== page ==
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Swiss Medical Weekly recognizes Prof Andrea Alimonti, recipient of the Dr Josef Steiner Cancer Research Foundation Award 2015

Douglas Hanahan

DOI: 10.4414/smw.2017.14468
Publication Date: 12.05.2017
Swiss Med Wkly. 2017;147:w14468

Since 1986, the Bern-based Dr Josef Steiner Cancer Research Foundation has presented a annual/biennial award to a young scientist of exceptional accomplishment and promise who leads a cancer research group typically based in Europe. The generous award provides four years of support for an innovative project at the frontiers of translational cancer research, plus a personal prize.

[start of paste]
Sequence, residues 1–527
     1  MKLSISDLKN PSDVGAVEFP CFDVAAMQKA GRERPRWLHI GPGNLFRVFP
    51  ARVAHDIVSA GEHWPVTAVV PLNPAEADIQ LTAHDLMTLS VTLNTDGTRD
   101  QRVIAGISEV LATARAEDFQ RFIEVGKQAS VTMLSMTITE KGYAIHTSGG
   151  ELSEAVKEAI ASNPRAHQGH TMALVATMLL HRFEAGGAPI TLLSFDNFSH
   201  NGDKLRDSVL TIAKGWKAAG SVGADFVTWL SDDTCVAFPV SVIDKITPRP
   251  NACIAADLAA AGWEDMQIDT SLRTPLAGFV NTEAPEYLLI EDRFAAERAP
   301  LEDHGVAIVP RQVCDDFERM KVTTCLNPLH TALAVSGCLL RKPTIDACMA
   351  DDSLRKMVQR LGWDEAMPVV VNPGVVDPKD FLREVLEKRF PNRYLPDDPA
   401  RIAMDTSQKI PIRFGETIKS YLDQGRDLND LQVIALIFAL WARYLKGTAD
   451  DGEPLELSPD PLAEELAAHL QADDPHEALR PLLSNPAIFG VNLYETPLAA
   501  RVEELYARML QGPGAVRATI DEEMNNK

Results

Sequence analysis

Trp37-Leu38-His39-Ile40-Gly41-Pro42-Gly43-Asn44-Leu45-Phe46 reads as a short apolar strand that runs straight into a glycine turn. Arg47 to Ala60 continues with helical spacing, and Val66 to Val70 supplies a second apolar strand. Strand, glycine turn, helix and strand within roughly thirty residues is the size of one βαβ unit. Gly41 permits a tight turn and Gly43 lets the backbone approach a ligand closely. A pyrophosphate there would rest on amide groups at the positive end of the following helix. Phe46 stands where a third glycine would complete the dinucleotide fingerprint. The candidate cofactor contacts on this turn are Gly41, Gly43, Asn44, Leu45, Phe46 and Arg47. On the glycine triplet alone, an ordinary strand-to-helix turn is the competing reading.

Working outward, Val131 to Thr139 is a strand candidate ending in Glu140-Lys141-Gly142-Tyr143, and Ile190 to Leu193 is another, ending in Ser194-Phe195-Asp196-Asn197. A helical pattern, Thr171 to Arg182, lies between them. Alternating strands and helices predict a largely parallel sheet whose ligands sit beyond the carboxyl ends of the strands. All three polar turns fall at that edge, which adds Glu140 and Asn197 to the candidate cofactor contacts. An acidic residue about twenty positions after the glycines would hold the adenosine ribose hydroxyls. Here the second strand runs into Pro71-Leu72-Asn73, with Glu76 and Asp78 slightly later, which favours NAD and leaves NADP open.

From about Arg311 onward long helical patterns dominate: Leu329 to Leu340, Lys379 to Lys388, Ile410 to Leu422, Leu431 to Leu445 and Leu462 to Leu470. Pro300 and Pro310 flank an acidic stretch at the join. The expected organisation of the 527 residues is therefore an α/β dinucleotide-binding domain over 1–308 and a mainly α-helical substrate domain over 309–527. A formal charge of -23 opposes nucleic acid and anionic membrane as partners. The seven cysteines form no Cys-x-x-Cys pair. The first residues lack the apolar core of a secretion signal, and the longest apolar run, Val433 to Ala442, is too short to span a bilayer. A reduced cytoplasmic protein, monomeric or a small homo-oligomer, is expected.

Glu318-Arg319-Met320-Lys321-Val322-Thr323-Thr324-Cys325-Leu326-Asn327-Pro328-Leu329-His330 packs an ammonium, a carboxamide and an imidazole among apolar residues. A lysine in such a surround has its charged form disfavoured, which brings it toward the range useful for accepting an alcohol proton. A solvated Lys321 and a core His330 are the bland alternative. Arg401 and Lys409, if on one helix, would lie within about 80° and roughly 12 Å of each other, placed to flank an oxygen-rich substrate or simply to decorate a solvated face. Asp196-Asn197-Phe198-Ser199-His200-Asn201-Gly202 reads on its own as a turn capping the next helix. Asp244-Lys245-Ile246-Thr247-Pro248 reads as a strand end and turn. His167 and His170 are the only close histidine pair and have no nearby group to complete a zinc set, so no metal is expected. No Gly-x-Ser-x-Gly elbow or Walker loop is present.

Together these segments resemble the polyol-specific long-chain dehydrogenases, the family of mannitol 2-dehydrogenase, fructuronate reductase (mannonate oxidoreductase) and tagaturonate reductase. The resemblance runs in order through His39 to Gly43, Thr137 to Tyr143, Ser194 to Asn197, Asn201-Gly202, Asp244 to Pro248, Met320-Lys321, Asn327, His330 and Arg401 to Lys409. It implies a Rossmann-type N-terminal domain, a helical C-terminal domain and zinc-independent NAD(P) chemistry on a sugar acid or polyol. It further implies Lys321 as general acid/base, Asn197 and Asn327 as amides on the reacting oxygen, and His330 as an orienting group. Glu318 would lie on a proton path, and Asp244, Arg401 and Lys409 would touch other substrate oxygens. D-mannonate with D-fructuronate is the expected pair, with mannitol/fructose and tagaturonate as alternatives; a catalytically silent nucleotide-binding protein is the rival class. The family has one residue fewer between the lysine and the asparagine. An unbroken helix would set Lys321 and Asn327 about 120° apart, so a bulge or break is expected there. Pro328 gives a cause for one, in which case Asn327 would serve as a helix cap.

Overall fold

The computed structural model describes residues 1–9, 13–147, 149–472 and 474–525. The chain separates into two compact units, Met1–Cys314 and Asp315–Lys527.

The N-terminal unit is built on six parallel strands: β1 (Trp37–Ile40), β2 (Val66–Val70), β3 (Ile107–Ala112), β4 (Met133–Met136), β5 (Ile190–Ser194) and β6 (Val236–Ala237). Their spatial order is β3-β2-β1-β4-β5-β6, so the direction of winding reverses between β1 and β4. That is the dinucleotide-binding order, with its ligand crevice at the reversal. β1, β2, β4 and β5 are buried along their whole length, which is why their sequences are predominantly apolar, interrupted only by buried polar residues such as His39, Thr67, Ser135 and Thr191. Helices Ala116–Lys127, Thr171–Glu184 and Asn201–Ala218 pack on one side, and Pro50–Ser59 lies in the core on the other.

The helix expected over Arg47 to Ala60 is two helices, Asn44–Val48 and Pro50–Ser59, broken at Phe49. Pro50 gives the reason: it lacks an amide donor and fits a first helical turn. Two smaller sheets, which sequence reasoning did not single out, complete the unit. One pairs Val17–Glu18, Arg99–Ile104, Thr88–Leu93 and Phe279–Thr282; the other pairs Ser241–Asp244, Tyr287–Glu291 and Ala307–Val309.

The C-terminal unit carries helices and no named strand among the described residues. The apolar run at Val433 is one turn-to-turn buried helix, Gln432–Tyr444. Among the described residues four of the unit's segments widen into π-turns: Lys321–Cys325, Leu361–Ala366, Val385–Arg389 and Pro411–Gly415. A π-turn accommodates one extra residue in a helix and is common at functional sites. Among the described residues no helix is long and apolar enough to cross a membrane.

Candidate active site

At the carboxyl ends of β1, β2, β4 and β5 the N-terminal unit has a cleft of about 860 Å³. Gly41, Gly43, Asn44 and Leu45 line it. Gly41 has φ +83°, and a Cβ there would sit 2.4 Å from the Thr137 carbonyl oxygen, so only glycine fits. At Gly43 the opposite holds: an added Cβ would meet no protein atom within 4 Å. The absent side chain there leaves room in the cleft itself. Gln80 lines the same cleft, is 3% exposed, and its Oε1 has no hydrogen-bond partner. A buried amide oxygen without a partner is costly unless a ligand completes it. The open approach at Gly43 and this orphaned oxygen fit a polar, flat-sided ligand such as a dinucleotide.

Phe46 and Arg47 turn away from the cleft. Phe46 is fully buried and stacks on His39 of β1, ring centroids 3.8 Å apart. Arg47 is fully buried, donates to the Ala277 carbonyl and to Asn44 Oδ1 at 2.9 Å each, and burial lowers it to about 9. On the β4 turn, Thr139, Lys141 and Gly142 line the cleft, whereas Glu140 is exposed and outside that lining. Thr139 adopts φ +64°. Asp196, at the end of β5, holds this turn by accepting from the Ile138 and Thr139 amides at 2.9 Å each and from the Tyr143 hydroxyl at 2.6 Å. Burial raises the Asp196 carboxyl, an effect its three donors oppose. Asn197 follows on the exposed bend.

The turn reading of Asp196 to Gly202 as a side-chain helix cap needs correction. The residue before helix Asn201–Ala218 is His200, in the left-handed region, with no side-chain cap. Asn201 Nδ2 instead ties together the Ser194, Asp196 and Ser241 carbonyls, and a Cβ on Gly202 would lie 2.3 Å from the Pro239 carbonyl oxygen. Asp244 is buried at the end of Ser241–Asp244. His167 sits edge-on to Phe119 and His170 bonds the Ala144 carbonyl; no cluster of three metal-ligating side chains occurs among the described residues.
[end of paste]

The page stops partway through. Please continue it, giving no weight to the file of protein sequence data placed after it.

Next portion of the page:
The award in 2015 went to Andrea Alimonti, who works at the Institute of Oncology Research within the Oncology Institute of Southern Switzerland in Bellinzona. Alimonti studies prostate cancer, and his prize-winning work involved the elucidation of complex tumor-promoting and tumor-antagonizing effects of cellular senescence, in which cells become irreversibly non-proliferative but don’t die; the complexity Alimonti reports involves cells of the adaptive and innate immune system – T lymphocytes, NK cells, immature (immunosuppressive) myeloid cells, and macrophages – that respond inappropriately to the senescent prostate cancer cells. In brief, Alimonti has shown that senescent cancer cells can be a double-edged sword: they can’t proliferative themselves (which is good), but they secrete potent immunoregulatory factors that modulate the immune system, biasing the immune response in favor of promoting proliferation of the remaining non-senescent cancer cells, consequently facilitating tumor progression (which is bad) (fig.1A). He further demonstrated that the beneficial growth-limiting effects of senescence-inducing chemotherapies can be significantly limited – in a form of adaptive resistance – by recruitment of innate immune (myeloid) cells that collaborate with the cancer cells to fuel therapeutic relapse by suppressing T and NK cell mediated killing (fig. 1B). Alimonti plans to pursue these revelations, developing and testing a multifactorial therapeutic strategy that would drive cancer cells into a non-proliferative senescent state with chemotherapy, while concomitantly blocking the tumor-promoting capabilities of such senescent cells, instead orchestrating immune-mediated killing of the residual non-senescent prostate cancer cells (fig. 1C).